Nursing homes face federal False Claims Act charges for allegedly overmedicating residents with antipsychotics, other drugsSeptember 04, 2014
Two California nursing homes routinely overmedicated residents with antipsychotics and other drugs "for the convenience of management," according to federal charges announced Wednesday by the Office of Inspector General.
Antipsychotic use tied to acute kidney injury, increasing pressure on nursing home reduction effortsAugust 20, 2014
Older people who take antipsychotic medications are at a markedly increased risk of acute kidney injury, according to newly published research findings out of Canada. The study further supports ongoing efforts to reduce the number of nursing home residents on these drugs.
Following research that indicates a possible link between gynecomastia and use of Risperdal, a law firm says it is continuing to offer legal consultations to those who developed the condition.
Pharmaceutical giant GlaxoSmithKline will stop paying healthcare professionals to speak about its products, and will alter other marketing and compensation practices that are common in the industry but derided by critics, the company announced Tuesday.
Two big reactions hit me when news of Johnson & Johnson's $2.2 billion Risperdal settlement with the government landed this week. First, J&J probably made a lot more than it's paying out and, second, some individual probably is going to cash a nice paycheck for bringing it all to light.
Pharmaceuticals giant Johnson & Johnson and some subsidiaries will pay more than $2.2 billion to settle claims that they inappropriately promoted antipsychotic drugs for use in nursing homes, the U.S. Department of Justice announced Monday. The agreement is one the largest ever of its kind, and will also settle charges that the companies paid kickbacks to the nation's largest long-term care pharmacy, Omnicare.
Reducing the number of residents with dementia who are on antipsychotics starts with reassessment, experts advised at this week's American College of Health Care Administrators convocation In Orlando. The key is a multi-step process providers can follow.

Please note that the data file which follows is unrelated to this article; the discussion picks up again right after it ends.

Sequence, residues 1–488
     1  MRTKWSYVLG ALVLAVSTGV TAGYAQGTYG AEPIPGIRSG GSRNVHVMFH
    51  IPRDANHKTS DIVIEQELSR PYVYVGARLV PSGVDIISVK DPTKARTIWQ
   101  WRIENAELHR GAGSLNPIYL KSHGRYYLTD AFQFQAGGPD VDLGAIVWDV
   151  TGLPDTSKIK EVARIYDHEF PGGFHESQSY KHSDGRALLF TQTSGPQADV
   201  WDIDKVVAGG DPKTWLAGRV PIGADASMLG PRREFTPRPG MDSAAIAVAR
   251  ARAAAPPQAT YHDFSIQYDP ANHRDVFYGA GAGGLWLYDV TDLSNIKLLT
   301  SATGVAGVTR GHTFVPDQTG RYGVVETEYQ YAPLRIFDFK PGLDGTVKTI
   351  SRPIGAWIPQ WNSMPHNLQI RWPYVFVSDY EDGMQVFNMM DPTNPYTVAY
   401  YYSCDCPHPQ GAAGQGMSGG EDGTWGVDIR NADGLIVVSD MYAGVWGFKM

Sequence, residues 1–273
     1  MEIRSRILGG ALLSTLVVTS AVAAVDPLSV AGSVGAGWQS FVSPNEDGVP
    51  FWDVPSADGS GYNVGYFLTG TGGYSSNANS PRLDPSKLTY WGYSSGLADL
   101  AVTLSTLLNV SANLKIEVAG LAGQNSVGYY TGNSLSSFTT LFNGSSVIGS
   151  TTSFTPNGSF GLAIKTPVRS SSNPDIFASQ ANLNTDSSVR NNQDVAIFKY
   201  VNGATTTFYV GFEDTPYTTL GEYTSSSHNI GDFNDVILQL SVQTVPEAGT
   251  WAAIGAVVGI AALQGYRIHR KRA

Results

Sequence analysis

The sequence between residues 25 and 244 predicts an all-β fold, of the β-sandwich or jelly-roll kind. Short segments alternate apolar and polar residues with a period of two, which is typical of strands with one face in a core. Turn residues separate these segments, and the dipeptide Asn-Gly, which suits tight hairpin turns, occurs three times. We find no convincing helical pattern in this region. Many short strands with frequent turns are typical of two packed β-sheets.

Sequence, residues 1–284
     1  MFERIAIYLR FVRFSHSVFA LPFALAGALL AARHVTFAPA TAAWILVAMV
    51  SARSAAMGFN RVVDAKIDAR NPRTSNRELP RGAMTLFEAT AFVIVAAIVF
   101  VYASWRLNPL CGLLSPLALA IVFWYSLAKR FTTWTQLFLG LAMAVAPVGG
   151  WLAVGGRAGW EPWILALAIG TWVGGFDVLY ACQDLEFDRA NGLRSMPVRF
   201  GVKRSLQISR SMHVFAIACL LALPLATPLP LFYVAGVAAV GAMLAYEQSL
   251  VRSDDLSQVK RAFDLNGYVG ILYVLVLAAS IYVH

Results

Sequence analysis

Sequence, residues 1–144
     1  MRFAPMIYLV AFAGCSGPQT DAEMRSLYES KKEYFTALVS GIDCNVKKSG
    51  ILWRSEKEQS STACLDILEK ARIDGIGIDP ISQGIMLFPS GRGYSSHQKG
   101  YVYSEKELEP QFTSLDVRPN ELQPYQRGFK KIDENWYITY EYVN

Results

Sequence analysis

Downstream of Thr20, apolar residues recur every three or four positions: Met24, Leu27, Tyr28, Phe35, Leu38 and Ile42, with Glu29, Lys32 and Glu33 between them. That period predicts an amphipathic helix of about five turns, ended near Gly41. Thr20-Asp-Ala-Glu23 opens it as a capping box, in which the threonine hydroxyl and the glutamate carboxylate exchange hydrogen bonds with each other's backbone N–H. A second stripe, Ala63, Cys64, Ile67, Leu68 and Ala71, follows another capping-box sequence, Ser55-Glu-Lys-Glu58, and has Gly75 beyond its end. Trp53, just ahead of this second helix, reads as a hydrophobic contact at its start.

Nursing home residents being treated successfully with Risperdal should stay on it, researchers recommendOctober 19, 2012
Taking nursing home residents with dementia off of the antipsychotic drug Risperdal might do more harm than good, according to new research.
The payouts will go to 36 states, plus the District of Columbia, which brought consumer fraud charges against Janssen for allegedly deceptively marketing the drug Risperdal to providers treating patients with Alzheimer's and dementia, Reuters reported.
Janssen Pharmaceuticals, a unit of Johnson & Johnson, will pay $181 million to settle charges that it marketed antipsychotic medications for medically unapproved purposes.
The battle over antipsychotics use for seniors and their marketing shows no signs of abating. The latest blow is a billion-dollar court decision against a pharmaceutical giant accused of too aggressively pushing the drug Risperdal, which is taken by many seniors with Alzheimer's disease.
Government prosecutors rejected a $1 billion offer by Johnson & Johnson to settle a Risperdal case. Prosecutors alleged the antipsychotic medication was often prescribed off-label to treat aggressive behaviors of elderly nursing home residents with dementia. They are reportedly seeking a settlement closer to $1.4 billion. While doctors may prescribe drugs as they see fit, drug companies can market medications only for uses approved by the Food and Drug Administration.
Government prosecutors rejected a proposed settlement worth roughly $1 billion with pharmaceutical giant Johnson & Johnson over questionable marketing tactics for the antipsychotic Risperdal.
Johnson & Johnson has agreed to pay $158 million to settle a Medicaid fraud lawsuit in Texas. The lawsuit accused J & J subsidiary Janssen Pharmaceuticals of giving state officials kickbacks in exchange for putting the antipsychotic Risperdal on an approved list for Medicaid recipients. The suit also claimed that Janssen marketed the drug as being safe and cost-effective, despite being linked to an increased risk of stroke and death in elderly dementia patients. Risperdal is approved only to treat adult schizophrenia. Johnson & Johnson was recently ordered to pay $327 million in South Carolina and $258 million in Louisiana in similar Rispedal lawsuits.
Johnson & Johnson has agreed to pay $158 million to settle a Medicaid fraud lawsuit. The lawsuit accused J & J subsidiary Janssen Pharmaceuticals of giving state officials kickbacks in exchange for putting the antipsychotic Risperdal on an approved list for Medicaid recipients.
In response to a recent report from the Office of the Inspector General, a prominent psychiatrist is defending the practice of prescribing antipsychotic medications for nursing home residents with dementia.
State Medicaid programs spent $329 million more than necessary by allowing certain prescriptions for brand-name drugs to be filled instead of generics in 2009, a conservative think tank said this week.
A jury in South Carolina on Tuesday found Johnson & Johnson's pharmaceutical unit, Ortho-McNeil-Janssen, guilty of misleading doctors about the safety and effectiveness of the anti-psychotic drug Risperdal.
A federal judge has declined to dismiss a U.S. Justice Department lawsuit against Johnson & Johnson. The healthcare giant now will have to defend itself in court against allegations that it paid illegal kickbacks to influence sale of antipsychotics to nursing home residents.
Department of Justice files suit against Johnson & Johnson in connection with kickback scheme with OmnicareJanuary 19, 2010
The U.S. Department of Justice on Friday filed a lawsuit against Johnson & Johnson for its alleged role in a kickback scheme with Omnicare, the nation's largest long-term care pharmacy chain.